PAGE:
Ruled Britannia Mass Market Paperback – 1 Sep 2003
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Shakespeare here is a hero at the height of his powers as an actor and playwright and is the pivot around whom all the action revolves. In counterpoint to him is Lt. Lope de Vega, an unpublished Spanish playwright, sent to infiltrate Shakespeare's theater and its productions and unmask any traitors to Spanish rule. When Lord Burghley secretly hires Shakespeare to write a play called Boudicca, planned as a call to the populace to throw off their Spanish yoke and avenge themselves, Shakespeare finds himself in mortal danger--he has also been hired by the Spanish to write a play in honor of Philip II, the dying Spanish king, a play to be produced as soon as Philip dies. Writing and rehearsing both plays simultaneously with a less than reliable troupe, Shakespeare must walk a fine line to avoid discovery as the mood in London becomes increasingly threatening.
Writing in the language and style of the period, author Turtledove casually (and very skillfully) incorporates innumerable Shakespearean quotations into his text, often with humorous intent. Puns, the off-color wordplay which so often provides comic relief in Shakespeare's plays, dialogue in which characters talk at cross-purposes, and a character who constantly misuses "big words," are a delight for any language-lover and admirer of the Bard. Quotations from Shakespeare's Boudicca, which feel like quotations from a new and undiscovered authentic work, are brilliantly crafted from works of the period by Shakespeare and several contemporaries, and the opening night of that play is a stunning literary coup by Turtledove. All the talk and intrigue do lead to a plot which is a bit thin and short on action--until the bang-up conclusion, filled with arquebuses, rapiers, poleaxes, pikes, and even chamberpots. Lovers of language will thrill at Turtledove's achievement here, even while wishing, perhaps, that the book were a hundred pages shorter.
Imagining a world where the Spanish Armada won, and England conquered and placed under the nominal rule of Queen Isabella, subsidiary to King Philip II of Spain, in many ways this is an intriguing look at the both the time and place – and its overlap with another SF writer’s look at this time, Neal Stephenson’s Baroque Cycle, provides an interesting comparison. Instead of Stephenson’s incredibly broad look at the times, people, and politics, Turtledove chooses to limit the scope of this book to the theater and its environs, with Shakespeare becoming the focal point of an attempted rebellion, as William Cecil commissions him to write a play designed to inflame the audience. Almost simultaneously, he is commissioned to write a play praising the life and deeds of King Philip, due to be performed upon Philip’s death.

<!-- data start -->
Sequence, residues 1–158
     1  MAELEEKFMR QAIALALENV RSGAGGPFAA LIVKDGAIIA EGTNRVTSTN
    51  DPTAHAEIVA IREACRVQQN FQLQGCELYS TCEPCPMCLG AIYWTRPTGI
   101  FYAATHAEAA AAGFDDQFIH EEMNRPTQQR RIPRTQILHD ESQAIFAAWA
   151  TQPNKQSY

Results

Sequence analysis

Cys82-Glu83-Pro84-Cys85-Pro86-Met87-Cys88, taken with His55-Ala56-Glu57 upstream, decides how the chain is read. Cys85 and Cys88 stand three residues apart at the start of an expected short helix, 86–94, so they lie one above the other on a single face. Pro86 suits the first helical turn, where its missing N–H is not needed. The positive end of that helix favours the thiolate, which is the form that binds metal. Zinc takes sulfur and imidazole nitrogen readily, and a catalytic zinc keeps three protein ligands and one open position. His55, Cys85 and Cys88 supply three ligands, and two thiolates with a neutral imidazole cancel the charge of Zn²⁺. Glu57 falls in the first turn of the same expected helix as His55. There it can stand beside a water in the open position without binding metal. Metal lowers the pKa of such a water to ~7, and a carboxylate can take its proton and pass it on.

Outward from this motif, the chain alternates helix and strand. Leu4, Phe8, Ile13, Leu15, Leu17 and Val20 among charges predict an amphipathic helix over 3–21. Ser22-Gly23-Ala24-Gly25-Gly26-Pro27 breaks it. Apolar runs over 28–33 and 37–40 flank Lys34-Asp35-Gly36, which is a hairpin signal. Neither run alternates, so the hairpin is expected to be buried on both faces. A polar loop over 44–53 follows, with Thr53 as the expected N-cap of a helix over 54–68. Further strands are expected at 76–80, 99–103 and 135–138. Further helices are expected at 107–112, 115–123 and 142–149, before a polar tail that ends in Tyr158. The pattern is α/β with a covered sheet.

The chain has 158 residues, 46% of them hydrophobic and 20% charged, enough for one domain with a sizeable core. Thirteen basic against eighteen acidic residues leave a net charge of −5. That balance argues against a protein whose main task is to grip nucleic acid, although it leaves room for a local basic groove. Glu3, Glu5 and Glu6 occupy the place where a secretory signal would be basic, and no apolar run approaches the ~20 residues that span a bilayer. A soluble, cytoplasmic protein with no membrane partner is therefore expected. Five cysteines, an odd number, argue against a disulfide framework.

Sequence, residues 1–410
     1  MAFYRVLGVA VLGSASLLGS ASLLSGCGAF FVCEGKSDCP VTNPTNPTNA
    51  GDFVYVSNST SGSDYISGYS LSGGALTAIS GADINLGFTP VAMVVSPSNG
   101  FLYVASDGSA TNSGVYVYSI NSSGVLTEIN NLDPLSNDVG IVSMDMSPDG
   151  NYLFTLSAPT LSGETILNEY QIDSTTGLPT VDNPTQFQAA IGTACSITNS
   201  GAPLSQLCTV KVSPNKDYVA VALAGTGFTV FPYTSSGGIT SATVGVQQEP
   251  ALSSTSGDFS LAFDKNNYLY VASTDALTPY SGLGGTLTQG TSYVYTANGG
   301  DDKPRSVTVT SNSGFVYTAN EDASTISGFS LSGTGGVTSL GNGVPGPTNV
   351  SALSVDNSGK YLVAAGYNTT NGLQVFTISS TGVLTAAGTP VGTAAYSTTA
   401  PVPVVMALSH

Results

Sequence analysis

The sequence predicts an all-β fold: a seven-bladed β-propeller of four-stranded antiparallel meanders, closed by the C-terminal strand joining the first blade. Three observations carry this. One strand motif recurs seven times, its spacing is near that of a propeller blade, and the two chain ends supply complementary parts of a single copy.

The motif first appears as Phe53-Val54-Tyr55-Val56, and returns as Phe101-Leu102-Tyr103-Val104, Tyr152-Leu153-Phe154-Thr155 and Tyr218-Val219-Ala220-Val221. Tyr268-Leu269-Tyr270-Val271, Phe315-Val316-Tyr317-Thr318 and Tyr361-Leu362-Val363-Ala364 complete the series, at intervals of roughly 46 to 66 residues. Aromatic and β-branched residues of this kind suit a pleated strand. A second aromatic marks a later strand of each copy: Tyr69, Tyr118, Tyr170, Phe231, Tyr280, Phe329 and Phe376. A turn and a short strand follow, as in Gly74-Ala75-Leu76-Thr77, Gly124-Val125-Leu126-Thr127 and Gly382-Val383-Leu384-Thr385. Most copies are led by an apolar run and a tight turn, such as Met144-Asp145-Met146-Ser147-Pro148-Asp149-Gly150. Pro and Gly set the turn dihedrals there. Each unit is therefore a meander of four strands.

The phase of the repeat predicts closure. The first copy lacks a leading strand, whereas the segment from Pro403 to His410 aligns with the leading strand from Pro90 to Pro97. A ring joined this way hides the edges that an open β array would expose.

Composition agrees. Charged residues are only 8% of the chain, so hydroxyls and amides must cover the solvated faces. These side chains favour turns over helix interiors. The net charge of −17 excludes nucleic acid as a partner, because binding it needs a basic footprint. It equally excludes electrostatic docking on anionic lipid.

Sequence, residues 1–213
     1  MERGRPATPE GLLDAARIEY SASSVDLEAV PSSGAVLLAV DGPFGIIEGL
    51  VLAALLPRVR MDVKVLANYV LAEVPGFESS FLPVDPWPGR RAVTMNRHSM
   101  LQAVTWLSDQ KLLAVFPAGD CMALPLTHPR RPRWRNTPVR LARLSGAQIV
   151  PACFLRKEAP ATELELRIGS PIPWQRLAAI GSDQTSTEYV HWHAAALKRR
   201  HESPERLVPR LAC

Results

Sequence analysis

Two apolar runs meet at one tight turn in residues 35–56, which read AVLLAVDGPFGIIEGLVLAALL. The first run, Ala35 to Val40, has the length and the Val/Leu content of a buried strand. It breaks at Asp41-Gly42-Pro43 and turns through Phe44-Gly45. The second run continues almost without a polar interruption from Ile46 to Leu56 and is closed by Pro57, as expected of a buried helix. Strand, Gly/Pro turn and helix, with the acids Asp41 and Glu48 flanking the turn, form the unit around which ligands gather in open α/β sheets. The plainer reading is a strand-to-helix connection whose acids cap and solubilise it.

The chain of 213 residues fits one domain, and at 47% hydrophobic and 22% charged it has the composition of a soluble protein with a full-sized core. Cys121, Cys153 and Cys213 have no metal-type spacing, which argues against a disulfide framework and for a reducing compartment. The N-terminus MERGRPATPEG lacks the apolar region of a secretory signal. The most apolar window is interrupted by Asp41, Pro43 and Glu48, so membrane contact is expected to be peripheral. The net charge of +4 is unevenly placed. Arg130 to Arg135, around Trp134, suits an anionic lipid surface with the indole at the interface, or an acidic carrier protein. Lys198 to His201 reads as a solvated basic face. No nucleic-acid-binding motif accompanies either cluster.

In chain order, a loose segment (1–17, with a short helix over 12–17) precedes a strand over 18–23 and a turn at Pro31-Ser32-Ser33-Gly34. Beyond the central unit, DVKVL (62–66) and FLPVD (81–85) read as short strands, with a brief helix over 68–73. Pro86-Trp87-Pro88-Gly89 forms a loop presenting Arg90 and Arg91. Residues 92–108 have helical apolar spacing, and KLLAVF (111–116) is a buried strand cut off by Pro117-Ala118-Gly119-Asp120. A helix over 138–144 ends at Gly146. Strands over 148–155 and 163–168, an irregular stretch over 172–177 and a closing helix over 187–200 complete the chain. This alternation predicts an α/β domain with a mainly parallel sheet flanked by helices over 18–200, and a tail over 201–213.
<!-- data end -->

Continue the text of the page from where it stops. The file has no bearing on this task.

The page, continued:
The tension in this book derives from these two opposing objectives, of how Shakespeare can write and get rehearsals performed of a subversive play while being closely watched by the Spanish for his progress on the King Philip play. Many of the characters presented are familiar ones: Kit Marlowe, Francis Bacon, Richard Burbage; and in general they are well fleshed out, and conform in the main to what is actually known about these people.
But more than plot or character, this book is driven by style and place. The dialogue is done in the Elizabethan English of the time, what Shakespeare basically wrote in. At times this is a little unnerving, as the syntax, word order, and vocabulary is such that you need to read a sentence two or three times to make sense of it. But it certainly provides a definitive ambience, which coupled with the descriptions of living, working, hygienic, and religious conditions, the typical fashions in dress and social customs, gives one a very good sense of the era. Turtledove has also inserted some wry jokes: changes in the names of Shakespeare’s plays (such a “Love’s Labour Won” instead of “Love’s Labour Lost”) and at various appropriate places in the dialogue he has stolen some of Shakespeare’s most famous lines, given them perhaps a slightly shifted meaning. You don’t need to be a Shakespearian scholar to recognize these, as most of these lines are so famous they have almost become part of the English language, though trying to match the lines to what play they belong in (and if that play had been written by the time of this book) is a more difficult but fun exercise.
The major failing I found with this book was that the basic idea behind the plot, that those planning a major rebellion would try to use a play as one of its major lynch-pins, does not come across as very believable. The play could obviously only be performed once, and would an audience of a couple hundred or so really make that much difference to the outcome of an uprising? But as a fun, light read that provides an interesting perspective on the times and the writer, this work does quite well.
--- Reviewed by Patrick Shepherd (hyperpat)
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